Connie Sorrentino, 70, (center) reviews plans to introduce aging-in-place innovations into her kitchen and several bathrooms with Sun Design Remodeling’s Mindy Mitchell (left) and designer Kim Kruskamp.
Photo Contributed by Beth Walters
“My mother spent the last two years of her life in a nursing home,” said Northern Virginia native Connie Sorrentino, who recently turned 70. “You never know what’s ahead. I spent a couple of years looking at retirement homes, then decided that the immediate problem was adapting my current house so it’s easier to use.”
Sorrentino, who lives in Arlington, practices yoga and observes a strict vegetarian and fish diet, said she has “no stiffness” and is quite active in local church and civic groups.
“Still, since I’ve decided to stay put, I’m making changes that will make it easier for me to sustain myself happily for years to come,” she said.
Along these lines, the retired economist has been working with Mindy Mitchell, certified aging-in-place specialist at Burke-based Sun Design Remodeling, planning out the future of a home in Arlington she’s occupied for more than 30 years. Recently, the design-build firm remodeled several rooms in Sorrentino’s four-bedroom ranch; she was pleased with the outcome, and gratified to learn that the firm’s expertise includes re-designing homes to meet aging-in-place requirements.
“We’re seeing many more seniors exploring ideas that will help them continue to live independently in their own homes,” said Mitchell. “Sometimes we’re called in when mobility issues have become inescapable. But it’s always easier when you plan ahead.”
Mitchell said that an aging-in-place design is far more economical and practical when it’s rolled into an already planned remodeling project — which is the course Sorrentino is following in the current makeover of her kitchen, several bathrooms and other parts of the circa-1950s rambler.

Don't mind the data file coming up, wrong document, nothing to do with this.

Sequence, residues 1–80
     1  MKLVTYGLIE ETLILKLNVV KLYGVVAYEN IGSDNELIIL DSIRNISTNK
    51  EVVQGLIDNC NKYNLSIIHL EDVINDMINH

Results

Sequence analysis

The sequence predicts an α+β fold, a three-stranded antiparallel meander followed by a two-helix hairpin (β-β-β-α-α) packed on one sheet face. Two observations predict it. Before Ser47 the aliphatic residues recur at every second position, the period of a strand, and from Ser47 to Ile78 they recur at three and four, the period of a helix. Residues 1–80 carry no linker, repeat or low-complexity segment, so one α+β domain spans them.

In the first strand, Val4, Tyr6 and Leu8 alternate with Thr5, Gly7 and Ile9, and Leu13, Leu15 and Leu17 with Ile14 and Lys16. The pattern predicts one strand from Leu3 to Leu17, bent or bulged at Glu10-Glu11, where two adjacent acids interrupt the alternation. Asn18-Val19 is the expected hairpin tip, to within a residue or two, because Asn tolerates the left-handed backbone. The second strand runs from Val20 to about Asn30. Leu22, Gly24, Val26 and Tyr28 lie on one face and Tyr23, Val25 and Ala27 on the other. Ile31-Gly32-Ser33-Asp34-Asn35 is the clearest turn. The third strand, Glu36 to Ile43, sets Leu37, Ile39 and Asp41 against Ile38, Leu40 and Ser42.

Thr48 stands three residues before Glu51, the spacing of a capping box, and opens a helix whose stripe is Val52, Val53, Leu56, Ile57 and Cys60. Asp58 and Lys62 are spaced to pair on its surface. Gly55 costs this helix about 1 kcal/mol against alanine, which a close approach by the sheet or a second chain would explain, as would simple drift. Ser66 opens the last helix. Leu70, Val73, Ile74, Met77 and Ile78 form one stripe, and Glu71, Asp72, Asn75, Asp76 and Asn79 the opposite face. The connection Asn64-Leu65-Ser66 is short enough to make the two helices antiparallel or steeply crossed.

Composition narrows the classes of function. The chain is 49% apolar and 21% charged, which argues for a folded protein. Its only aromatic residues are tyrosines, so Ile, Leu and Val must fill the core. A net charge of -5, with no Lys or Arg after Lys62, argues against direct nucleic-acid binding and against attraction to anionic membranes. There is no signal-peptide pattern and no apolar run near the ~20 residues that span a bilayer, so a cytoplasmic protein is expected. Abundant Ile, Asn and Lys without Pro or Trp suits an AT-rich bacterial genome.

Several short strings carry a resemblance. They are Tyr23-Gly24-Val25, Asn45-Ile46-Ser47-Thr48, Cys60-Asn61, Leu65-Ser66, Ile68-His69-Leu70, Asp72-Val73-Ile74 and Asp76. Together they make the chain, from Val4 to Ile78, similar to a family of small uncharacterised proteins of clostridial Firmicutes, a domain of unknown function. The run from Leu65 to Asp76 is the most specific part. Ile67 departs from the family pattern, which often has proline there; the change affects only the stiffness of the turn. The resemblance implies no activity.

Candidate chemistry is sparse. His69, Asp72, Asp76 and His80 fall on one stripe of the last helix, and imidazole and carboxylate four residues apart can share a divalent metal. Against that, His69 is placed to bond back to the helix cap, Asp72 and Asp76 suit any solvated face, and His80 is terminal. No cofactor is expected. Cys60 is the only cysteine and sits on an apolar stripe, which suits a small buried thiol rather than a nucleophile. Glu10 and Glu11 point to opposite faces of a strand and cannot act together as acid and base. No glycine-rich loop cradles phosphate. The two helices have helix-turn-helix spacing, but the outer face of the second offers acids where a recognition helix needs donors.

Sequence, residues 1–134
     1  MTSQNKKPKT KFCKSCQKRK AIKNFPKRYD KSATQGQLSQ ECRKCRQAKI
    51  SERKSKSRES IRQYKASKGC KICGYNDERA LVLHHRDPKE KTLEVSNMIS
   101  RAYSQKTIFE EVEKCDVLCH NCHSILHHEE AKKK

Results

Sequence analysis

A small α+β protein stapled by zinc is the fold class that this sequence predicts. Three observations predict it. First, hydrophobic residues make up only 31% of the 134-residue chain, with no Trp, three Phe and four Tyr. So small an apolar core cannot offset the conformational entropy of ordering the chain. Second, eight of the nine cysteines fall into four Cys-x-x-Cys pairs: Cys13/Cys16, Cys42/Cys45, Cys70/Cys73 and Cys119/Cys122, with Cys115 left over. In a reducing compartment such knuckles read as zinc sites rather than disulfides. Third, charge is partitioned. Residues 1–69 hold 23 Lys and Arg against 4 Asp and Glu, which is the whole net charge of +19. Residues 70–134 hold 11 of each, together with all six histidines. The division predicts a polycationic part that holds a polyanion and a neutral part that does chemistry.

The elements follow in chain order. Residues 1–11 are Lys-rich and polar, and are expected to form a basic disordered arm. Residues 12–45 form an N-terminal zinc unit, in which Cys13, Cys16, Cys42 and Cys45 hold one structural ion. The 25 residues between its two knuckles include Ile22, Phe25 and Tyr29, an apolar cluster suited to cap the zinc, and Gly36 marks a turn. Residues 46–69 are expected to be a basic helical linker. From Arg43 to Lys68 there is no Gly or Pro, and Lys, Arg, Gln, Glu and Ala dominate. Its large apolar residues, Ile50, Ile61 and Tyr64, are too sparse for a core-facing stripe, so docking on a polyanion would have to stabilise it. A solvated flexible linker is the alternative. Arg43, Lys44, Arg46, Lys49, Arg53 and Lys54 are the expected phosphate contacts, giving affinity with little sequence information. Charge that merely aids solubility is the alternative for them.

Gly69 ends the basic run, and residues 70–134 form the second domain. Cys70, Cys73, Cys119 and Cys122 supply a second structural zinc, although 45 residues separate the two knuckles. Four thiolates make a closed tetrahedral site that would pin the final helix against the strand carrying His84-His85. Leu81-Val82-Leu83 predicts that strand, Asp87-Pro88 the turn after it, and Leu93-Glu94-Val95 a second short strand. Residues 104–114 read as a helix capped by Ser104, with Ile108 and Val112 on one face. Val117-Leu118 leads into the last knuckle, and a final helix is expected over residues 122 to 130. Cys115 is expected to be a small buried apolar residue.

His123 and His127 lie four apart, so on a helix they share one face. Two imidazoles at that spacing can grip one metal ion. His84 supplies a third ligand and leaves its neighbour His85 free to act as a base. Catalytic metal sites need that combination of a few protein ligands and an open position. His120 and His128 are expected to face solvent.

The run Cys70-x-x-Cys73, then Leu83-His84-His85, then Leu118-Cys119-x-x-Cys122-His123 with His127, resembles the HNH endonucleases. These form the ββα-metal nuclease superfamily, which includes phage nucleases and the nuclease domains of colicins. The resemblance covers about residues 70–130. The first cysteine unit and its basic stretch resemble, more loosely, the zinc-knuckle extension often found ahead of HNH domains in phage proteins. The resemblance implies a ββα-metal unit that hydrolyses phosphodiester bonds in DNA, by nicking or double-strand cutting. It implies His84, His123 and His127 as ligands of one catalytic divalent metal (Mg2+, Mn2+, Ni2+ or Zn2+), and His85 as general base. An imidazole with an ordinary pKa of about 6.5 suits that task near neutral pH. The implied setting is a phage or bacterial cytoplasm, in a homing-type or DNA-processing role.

“I’m remodeling several high-use spaces; it’s a plan that makes it easier for me to do everything I need with minimal challenge,” said Sorrentino.
Mitchell said that the changes can seem discrete to outsiders, but they “make all the difference in reducing the ergonomic exertions of daily life.”
More: Sun Design Remodeling frequently sponsors workshops on Aging-In-Place solutions. Call 703-425-5588 or visit www.SunDesignInc.com.
In place of overhead kitchen shelves, for instance, Mitchell is recommending counter-high pull-out drawers for regularly-used items, reducing the need for out-of-reach overhead cabinetry. Small hard to grasp knobs will be replaced with cabinet pulls. Sharper, more concentrated lighting in key locations provides the visual support needed to move about confidently.
In two bathrooms, plans call for precisely located vertical and horizontal grab bars. The shower will have a lower curve for easier access. Traditional and hand-held shower faucets simplify bathing. The faucets themselves feature adjustable levers rather than knobs. The floor will be surfaced in non-slip tile.
“Working out the details is fascinating,” Sorrentino said. “The best part, though, is interior design that perfectly integrates all these new features. I don’t want the house to look ‘senior-friendly’—just pretty.”